Op-Ed: Is ‘natural motherhood’ more feminist?


It’s hard to pinpoint when exactly it happened, but it’s clear we are living in a new normal. No, I’m not referring to Trump. I’m referring to the shift in public opinion about what constitutes a morally sound approach to childbirth and early motherhood.

A summary for the uninitiated: Medicalized childbirth, with its epidurals and scheduled cesareans, is morally inferior. Natural childbirth, with its doulas, home births and heaping dose of additional pain, is morally superior.

The value judgment doesn’t end in the delivery room. Increasingly, it is considered not just physiologically advantageous but morally correct to breastfeed one’s child until toddlerhood. For extra credit, an ambitious mother can subscribe to the philosophy of “attachment parenting,” which combines un-medicated birth and on-demand breastfeeding with the added duty of having to be in constant physical range of your child for months and even years on end.

I’ll stop short of calling the natural-birth movement anti-feminist. But I’d caution that feminism is about choice.


None of these approaches is “new,” of course, but they are newly mainstream. What started as a rejection of overly scheduled labor and delivery is quickly becoming gospel. There are more than 300 natural birthing centers across the United States, roughly 100 of which opened after 2010. Even the website for the seminal pregnancy guide “What to Expect When You’re Expecting” dedicates a page to celebrities who had natural births.

In Los Angeles, this movement has converged with the New Age luxury market to produce a particularly intense aspirational culture. A pregnant woman in L.A. can give birth amidst Midcentury Modern furniture at GraceFull, a natural birthing center in Silver Lake, which espouses the philosophy that birth is 85% mental and emotional. It offers placenta encapsulation, $475 childbirth classes and T-shirts that say “My Vagina is Magical.”

But this shift isn’t limited to the United States. In Britain, a 2015 investigation into baby deaths at one hospital attributed them to “overzealous” midwives who imposed natural childbirth “at any cost.” In a controversial book published in 2010, the French author Elisabeth Badinter cautioned against an “essentialist” feminism that prizes breastfeeding and natural childbirth, warning: “A revolution has taken place in our concept of maternity, almost without our realizing it.”

I think it’s safe to say that, seven years on, we now realize it. And we haven’t decided merely that these choices are morally superior, we have also decided that they are more feminist.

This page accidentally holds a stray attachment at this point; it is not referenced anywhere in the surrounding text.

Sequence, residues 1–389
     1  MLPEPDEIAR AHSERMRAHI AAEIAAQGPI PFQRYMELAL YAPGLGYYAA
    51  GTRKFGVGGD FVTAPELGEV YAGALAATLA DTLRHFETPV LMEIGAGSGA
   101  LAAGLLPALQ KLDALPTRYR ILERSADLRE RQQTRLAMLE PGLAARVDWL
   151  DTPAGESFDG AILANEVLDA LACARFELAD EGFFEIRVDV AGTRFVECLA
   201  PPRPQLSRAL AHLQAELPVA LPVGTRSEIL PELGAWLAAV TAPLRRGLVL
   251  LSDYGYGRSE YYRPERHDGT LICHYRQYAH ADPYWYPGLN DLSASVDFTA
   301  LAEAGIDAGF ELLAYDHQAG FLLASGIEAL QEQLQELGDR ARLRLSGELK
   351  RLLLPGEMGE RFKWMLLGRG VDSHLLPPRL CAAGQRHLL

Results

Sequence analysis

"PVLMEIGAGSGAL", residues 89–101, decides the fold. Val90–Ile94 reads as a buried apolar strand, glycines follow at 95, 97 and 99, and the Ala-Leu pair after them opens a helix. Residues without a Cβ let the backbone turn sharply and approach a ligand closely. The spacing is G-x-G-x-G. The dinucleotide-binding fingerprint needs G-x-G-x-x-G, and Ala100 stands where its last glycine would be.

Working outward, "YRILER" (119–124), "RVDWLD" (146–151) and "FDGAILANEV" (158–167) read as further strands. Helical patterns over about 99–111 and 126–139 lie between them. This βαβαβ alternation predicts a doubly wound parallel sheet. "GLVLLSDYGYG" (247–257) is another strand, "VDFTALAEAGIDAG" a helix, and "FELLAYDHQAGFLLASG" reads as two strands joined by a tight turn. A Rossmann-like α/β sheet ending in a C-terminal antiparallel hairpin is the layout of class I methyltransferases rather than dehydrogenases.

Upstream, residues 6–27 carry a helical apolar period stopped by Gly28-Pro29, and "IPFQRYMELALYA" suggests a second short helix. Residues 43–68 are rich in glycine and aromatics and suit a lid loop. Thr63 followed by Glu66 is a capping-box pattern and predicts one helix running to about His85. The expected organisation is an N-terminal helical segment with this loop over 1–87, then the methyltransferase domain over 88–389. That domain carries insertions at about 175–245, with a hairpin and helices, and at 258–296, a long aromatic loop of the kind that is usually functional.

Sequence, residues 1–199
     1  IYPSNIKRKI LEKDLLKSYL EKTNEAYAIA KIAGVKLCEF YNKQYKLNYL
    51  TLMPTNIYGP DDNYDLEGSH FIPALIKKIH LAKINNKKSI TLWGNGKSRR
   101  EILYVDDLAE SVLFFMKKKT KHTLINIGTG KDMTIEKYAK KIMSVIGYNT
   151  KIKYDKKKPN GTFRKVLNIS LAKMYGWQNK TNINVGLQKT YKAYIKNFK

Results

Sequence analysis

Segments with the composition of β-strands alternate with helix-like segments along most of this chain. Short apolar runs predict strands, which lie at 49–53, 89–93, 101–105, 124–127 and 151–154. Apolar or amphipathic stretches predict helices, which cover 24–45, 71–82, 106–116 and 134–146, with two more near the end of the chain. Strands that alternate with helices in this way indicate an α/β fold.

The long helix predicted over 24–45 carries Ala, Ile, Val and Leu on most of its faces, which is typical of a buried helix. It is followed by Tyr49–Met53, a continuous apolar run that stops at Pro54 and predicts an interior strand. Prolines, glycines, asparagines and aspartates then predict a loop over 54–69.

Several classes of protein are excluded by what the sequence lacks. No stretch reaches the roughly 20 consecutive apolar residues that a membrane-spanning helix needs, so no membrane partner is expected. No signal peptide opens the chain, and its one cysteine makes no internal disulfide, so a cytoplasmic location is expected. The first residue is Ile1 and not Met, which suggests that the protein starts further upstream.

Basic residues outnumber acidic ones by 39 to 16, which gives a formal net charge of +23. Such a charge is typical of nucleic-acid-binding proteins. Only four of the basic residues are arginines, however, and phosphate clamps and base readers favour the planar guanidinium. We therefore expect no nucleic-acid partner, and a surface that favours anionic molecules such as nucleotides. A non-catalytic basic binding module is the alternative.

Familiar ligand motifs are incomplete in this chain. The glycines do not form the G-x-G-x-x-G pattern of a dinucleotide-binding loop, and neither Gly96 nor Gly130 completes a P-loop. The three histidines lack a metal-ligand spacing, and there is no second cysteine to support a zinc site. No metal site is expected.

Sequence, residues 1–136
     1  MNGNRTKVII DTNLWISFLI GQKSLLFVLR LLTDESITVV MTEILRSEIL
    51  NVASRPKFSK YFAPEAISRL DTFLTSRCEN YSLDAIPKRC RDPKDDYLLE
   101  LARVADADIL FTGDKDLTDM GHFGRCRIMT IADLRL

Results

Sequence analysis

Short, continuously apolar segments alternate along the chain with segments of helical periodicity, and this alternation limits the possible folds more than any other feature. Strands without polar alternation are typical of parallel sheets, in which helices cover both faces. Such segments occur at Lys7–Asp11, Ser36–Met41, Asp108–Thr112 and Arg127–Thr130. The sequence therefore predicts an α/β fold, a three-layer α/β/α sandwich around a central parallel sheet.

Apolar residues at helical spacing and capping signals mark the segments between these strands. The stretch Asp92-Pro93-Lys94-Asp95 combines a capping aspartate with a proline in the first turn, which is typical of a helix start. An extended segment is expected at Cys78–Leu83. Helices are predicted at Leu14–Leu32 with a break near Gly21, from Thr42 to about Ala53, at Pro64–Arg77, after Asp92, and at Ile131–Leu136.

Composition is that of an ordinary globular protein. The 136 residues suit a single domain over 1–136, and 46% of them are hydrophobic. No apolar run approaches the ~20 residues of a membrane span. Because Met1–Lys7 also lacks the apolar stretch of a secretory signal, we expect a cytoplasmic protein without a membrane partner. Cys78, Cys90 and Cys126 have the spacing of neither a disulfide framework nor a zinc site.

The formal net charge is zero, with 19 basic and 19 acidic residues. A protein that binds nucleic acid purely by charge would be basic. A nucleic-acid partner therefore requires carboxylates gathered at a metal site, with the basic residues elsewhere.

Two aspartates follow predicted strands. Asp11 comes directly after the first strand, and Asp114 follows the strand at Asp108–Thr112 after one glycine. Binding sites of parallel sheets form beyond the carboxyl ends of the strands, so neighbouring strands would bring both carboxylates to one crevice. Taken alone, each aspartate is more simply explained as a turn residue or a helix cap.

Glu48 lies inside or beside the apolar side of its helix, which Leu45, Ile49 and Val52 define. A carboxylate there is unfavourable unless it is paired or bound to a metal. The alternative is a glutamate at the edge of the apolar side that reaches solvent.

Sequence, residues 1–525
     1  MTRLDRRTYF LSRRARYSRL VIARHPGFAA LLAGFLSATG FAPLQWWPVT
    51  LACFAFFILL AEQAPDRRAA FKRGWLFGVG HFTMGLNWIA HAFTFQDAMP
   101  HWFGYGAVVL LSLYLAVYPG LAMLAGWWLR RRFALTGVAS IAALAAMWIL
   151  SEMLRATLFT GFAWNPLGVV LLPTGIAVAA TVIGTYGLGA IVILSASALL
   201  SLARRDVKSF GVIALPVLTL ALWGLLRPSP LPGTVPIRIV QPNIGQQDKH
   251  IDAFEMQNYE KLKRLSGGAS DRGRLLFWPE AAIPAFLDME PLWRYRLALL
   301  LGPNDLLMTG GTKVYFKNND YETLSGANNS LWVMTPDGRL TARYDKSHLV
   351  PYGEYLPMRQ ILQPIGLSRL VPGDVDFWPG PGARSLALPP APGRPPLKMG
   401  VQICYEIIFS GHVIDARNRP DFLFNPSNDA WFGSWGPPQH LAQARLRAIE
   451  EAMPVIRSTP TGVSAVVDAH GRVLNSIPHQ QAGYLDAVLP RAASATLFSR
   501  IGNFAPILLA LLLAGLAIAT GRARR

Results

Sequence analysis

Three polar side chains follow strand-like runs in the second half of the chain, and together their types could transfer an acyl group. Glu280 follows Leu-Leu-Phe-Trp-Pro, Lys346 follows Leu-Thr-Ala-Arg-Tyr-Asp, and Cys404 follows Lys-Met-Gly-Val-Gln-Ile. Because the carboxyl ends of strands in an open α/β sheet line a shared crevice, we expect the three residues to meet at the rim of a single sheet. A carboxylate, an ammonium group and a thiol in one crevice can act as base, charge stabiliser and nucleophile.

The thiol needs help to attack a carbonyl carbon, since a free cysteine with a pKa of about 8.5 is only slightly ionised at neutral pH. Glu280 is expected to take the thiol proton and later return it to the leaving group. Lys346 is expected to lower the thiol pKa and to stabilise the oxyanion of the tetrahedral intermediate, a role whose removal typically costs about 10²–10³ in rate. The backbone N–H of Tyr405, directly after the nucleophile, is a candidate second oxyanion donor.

Granted, giving birth in the 1950s wasn’t ideal. Mothers were often alone and unconscious, strapped into stirrups. Episiotomies were common. In this context, the natural-birth movement fought to give women choice and, in many ways, it succeeded. It’s now normal for fathers and partners to be present in the delivery room, women have say over the pain relief they receive, and newborns are immediately brought to the mother for skin-to-skin bonding.

But measured against today’s hospital practices, is the natural-birth movement more feminist? That depends, of course, on your definition of feminism.

To me, the approach feels retrograde. It further entrenches women in the home as primary caretakers, places much of their value on their bodies, and makes it even more difficult for them to work. And as Claire Howorth recently pointed out in Time, “the Goddess Myth” also sets women up to feel like failures if they can’t live up to the movement’s biological ideals.


What’s more, although the movement is frequently framed as the righteous refusal of a male-centered obstetric history, its roots are hardly sisterly. In fact, most of the movement’s founders are men.

Dr. Fernand Lamaze, who popularized the technique for breathing through contractions, ranked women’s childbirth performance from “excellent” to “complete failure” on the basis of their restlessness and screams. Lamaze also believed that intellectual women who asked too many questions were the most certain to fail.

Grantly Dick-Read, an evangelical Christian who wrote the best-selling book “Childbirth Without Fear,” once wrote: “Woman fails when she ceases to desire the children for which she was primarily made. Her true emancipation lies in freedom to fulfill her biological purposes.”

William Sears, who coined the term “attachment parenting,” spent most of his life as a Christian fundamentalist and believed his technique to be God’s design for raising children. In his 1997 book “The Complete Book of Christian Parenting and Child Care,” Sears opposed the idea that women belong in the workplace. “[Some] mothers choose to go back to their jobs quickly simply because they don’t understand how disruptive that is to the well-being of their babies,” he writes. “So many babies in our culture are not being cared for in the way God designed, and we as a nation are paying the price.”

Even the female icons of the movement are overtly traditional. La Leche League, the group that gave rise to modern “lactivism,” was started by seven Catholic housewives who advocated for a return to breastfeeding and were also opposed to mothers working outside the home. In the 1981 edition of their book “The Womanly Art of Breastfeeding,” the League wrote: “Our plea to any mother who is thinking about taking an outside job is, ‘if at all possible, don’t.’”

I’ll stop short of calling the natural-birth movement anti-feminist. But I’d caution that feminism is about choice, and the moment we start dictating one set of choices over another, we lose the plot.

Lizzie Garrett Mettler is a writer in Los Angeles.

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